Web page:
Anyone who has read this blog knows that I am not religious so my objection isn't that such redevelopment disturbs 'hallowed' ground a la Poltergeist (the 1982 Steven Spielberg film where a house is haunted and finally subsumed because it is built over native American burial grounds). Although the fact that respect for ancestors is common to most cultures suggests it really is something the human psyche requires. What really pisses me off is that we have casually eroded so much of our history. First we (Europeans) decimated traditional Aboriginal lands and then we razed the evidence of our own early settlement. The monument in Rookwood Cemetery (right) to those whose 'resting' place was once the old Sydney Burial Grounds (where Sydney Town Hall now stands) records the name of the serving mayor of the time but not those of anyone whose grave was disturbed. The siren song of progress coupled with shame or indifference about humble or criminal origins prevailed. Were there historians then who thought the manner in which these building projects were executed a bit rash? Were there any - apart from the clergy - who raised the alarm some 100 years later when Camperdown Cemetery was resumed as public park land and its headstones crowded around the newly erected walls of St Stephens to crumble away?
Browsing the pictorial archive sites is a form of time travel. The hairs on the back of my neck stood up when I found the pictures of my childhood haunts that I wrote about in my last posting. The same thing happened when I found the Tivoli shots and the 1953 photo (below) of a tram running alongside Belmore Park (following the same route as the modern light rail I pass every day). I am not quite sure why. I wasn't born when the pictures were taken and, despite attending the odd political rally there, wasn't really familiar with Belmore Park or Hay Street until recently. I think it is the idea of 'those feet in ancient times' having trod the same pathways that I tread today and the reverberation of all those other presences that awakens a sense of awe and wistfulness in me.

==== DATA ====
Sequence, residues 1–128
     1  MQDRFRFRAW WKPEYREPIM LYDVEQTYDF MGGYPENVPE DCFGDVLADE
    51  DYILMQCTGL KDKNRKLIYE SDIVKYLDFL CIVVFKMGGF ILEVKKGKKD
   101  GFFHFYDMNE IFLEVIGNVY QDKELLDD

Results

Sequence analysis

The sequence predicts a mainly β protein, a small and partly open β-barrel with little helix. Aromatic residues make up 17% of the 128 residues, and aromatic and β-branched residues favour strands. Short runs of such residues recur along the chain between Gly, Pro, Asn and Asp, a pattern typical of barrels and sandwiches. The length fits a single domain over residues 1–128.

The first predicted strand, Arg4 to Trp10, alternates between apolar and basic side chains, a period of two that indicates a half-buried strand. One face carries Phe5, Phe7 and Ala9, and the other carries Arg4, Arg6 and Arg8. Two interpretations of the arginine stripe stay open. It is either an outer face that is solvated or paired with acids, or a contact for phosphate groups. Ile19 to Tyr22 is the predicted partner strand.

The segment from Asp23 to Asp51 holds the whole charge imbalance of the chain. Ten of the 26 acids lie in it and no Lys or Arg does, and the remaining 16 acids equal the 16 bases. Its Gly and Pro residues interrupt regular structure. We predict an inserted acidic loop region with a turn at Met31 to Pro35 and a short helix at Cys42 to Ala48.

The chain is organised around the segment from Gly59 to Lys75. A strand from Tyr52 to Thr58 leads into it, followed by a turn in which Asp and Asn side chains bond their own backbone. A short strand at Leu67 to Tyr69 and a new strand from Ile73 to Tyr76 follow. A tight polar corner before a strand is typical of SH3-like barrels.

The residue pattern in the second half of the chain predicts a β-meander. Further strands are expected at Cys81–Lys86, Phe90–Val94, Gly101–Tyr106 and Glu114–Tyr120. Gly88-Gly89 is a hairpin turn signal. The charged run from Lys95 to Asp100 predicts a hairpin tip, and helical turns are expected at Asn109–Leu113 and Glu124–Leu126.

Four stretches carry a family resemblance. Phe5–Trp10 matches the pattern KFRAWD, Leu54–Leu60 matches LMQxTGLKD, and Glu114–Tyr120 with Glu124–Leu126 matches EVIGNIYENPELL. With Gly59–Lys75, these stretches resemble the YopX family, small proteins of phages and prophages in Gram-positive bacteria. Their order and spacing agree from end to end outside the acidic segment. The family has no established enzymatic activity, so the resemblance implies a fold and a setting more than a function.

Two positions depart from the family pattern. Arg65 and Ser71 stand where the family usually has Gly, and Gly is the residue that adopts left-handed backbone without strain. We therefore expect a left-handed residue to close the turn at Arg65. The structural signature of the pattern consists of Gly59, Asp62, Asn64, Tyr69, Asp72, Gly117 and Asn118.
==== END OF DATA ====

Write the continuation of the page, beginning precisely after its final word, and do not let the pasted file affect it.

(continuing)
The book The Time Travellers' Wife powerfully evokes our bittersweet relationship with the past. I suppose it is a paradox: all that we know, all that is familiar, everyone we love, only exist and have meaning for us because of what went before. As Henry DeTamble the time traveller of the novel's title learns when he repeatedly revisits the scene of his mother's death, we can not intervene to change the past. There really is no point crying over spilt milk but by viewing it from the different standpoints in our lives we can better accept the spillage. And, without being completely deterministic about it, there are certain inevitabilities about our lives and our task, should we choose to accept it, is to discover and enrich the events that will befall and have befallen us.
Time and chance happeneth to all people - Eric Bana as Henry DeTamble fades when his past self briefly visits his wife and child after the death of his contemporary self.
I guess you could call me a bit of an obsessive. Time travelling is what I am doing this month, maybe next month it will be all human rights as I work with my daughter on 'our' To Kill A Mockingbird assignment. Now there's another deservedly revered novel...